The new Tunisia and the death penalty
“In my entire life, I’ve never heard a debate or a discussion about the death penalty,” said Rabia, a teacher in a local school in downtown Tunis. “In general, I would say I support the death penalty for certain crimes, and certainly for some of the worst people in the old Ben Ali government.”
Rabia’s point of view is typical of post-revolution Tunisia, according to Lotfi Azouz, director of the Tunisian section of Amnesty International. “Following a revolution like the one we’ve just had, there is a great desire for revenge, and for justice,“ said Azouz. “People want to see those who were responsible held accountable for their actions. The death penalty is the traditional way to address this public anger.”
A movement still looking for direction
While many activists, such as journalist Sihem Bensedrine, of World Coalition member CNLT in Tunis, are focusing their energy on what she calls an “unprecedented opportunity for political change presented by the revolution”, Azouz also noted the potential for new campaigns against the death penalty.
“We are seeing a real opportunity at the moment to enlarge our support base in the country, and to increase our lobbying efforts in the government,” explained Azouz.
An abolition bill introduced in 2008 received very little support outside of the representatives who were supporters of Amnesty. “There is a chance to raise awareness in the Tunisian public for the first time in 30 years, about a whole range of subjects, among them the death penalty.”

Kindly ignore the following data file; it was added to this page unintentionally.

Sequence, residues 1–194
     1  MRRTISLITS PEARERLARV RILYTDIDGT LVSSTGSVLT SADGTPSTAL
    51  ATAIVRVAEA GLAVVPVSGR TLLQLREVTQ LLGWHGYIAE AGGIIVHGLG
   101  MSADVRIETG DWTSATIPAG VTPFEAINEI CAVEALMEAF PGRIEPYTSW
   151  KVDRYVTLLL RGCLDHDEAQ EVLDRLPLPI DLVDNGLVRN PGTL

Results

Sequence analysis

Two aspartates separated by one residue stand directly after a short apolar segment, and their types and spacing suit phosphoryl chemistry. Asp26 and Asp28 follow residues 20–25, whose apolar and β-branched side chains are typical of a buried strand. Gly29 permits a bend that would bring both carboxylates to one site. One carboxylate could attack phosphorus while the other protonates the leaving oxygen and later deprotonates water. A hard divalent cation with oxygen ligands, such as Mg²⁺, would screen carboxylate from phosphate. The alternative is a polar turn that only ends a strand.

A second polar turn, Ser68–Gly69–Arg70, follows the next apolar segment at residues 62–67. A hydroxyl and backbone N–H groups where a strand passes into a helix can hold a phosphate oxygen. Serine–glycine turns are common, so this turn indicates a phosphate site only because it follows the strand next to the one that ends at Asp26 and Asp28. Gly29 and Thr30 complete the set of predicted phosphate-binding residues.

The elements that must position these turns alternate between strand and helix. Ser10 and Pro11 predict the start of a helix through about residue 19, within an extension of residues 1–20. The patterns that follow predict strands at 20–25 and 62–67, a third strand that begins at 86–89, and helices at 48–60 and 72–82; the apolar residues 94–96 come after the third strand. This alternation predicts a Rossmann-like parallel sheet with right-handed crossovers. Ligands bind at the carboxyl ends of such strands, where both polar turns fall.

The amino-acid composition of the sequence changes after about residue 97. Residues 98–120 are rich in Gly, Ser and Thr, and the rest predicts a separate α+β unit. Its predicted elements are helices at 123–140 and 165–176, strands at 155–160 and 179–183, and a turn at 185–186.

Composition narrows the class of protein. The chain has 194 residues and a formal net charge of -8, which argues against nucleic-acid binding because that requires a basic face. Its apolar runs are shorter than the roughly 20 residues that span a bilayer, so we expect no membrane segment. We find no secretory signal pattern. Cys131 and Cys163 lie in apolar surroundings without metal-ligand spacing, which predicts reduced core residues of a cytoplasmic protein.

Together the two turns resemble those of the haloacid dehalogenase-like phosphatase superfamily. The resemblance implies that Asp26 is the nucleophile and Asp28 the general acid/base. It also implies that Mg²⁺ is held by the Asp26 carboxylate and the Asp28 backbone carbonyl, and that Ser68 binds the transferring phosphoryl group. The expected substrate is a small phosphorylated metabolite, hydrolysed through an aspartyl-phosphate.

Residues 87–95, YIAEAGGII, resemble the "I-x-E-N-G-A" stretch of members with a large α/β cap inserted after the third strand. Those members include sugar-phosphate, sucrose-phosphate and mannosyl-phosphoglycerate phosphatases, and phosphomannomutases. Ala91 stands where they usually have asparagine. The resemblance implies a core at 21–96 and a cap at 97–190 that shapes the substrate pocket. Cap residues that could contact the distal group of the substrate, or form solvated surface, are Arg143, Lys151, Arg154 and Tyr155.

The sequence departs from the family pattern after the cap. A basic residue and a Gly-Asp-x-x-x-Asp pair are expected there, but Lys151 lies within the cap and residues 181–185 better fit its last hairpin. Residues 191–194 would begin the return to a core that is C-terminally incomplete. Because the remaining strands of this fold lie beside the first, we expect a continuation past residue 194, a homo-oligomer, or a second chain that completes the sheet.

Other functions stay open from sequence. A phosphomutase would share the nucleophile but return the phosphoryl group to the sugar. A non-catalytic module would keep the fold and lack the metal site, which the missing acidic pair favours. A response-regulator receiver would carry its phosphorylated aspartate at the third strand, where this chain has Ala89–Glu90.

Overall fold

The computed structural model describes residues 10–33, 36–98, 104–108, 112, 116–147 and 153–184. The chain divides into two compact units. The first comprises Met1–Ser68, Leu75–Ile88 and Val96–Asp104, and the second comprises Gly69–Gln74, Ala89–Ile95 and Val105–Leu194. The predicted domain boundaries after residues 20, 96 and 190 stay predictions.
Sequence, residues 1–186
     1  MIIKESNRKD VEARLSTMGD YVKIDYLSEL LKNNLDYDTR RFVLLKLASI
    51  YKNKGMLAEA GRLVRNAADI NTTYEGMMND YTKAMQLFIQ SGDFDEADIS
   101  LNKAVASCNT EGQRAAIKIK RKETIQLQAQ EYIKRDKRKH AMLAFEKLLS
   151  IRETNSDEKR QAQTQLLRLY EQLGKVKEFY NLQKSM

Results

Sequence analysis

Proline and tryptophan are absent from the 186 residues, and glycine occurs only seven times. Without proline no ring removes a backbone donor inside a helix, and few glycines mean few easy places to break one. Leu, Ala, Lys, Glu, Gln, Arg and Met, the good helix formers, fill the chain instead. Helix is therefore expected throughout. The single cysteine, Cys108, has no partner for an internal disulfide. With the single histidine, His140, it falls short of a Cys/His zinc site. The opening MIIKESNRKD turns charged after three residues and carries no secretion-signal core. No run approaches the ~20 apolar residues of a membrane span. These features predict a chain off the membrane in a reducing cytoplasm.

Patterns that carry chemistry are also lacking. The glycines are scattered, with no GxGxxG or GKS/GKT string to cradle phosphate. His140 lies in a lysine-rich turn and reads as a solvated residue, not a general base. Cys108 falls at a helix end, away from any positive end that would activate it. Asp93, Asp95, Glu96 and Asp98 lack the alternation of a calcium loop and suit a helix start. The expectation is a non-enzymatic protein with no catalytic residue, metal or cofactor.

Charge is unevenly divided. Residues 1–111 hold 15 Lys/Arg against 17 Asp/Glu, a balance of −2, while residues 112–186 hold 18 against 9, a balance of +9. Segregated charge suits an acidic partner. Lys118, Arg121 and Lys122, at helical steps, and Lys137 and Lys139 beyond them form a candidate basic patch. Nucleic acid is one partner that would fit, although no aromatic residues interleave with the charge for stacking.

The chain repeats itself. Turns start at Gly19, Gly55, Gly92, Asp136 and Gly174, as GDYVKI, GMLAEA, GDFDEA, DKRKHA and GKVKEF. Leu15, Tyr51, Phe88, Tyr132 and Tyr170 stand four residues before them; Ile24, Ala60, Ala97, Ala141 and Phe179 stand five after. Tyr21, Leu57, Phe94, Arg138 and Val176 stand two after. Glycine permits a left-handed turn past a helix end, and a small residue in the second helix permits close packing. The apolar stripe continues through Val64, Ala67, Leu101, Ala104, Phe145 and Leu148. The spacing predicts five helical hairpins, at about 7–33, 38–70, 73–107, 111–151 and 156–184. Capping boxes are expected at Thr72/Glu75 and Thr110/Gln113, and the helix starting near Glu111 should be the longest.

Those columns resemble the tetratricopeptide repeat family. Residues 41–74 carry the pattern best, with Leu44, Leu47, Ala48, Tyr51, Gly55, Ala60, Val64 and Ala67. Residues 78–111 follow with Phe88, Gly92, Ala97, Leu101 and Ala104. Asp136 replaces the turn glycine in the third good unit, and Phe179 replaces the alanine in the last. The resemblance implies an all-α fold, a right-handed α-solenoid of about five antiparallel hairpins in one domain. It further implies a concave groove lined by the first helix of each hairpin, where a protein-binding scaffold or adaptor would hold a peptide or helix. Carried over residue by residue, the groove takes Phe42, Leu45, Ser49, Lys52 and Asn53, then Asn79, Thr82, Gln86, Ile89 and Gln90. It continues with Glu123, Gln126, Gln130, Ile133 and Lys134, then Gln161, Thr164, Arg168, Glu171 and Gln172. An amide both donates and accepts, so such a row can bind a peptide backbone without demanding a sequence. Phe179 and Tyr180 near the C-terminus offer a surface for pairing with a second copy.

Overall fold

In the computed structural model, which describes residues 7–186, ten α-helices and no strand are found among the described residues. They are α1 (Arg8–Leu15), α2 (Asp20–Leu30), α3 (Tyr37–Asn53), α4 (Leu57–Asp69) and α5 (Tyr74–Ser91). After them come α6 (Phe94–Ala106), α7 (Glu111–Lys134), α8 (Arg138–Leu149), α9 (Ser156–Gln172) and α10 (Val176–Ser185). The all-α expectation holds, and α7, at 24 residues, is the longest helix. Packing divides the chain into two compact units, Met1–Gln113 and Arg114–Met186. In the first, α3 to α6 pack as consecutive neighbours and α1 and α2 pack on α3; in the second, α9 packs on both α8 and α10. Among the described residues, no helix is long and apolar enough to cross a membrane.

The government in transition
“The current interim government has little power to change the laws in Tunisia,” noted Bensedrine, “but we can do much to increase public knowledge about the possibility for real change, and to create a political conscience among Tunisians.”
And this new political openness is one of the most astonishing features of Tunisia after the revolution. “Even though many of the old regime are still in power,” said Rabia, “now we can talk. Before, you always looked over your shoulder when you said anything. Now you can say what you like.”
A stressful time
In a country just coming out of 30 years of dictatorship and repression of political freedoms, this willingness to talk may be the most important asset for human rights organizations in general, and abolitionists in particular.
“This is a very stressful time for us,” said Rachid, a professor of Fine Arts in Tunis. “We feel we have so much opportunity to change so many things, and yet so much risk of changing nothing at all.”
This sentiment is being re-echoed everywhere in the country. “We absolutely must re-dynamise the people of Tunisia,” said Lotfi Azouz. “We must make them feel that there is something they can change, that they can have a say in.”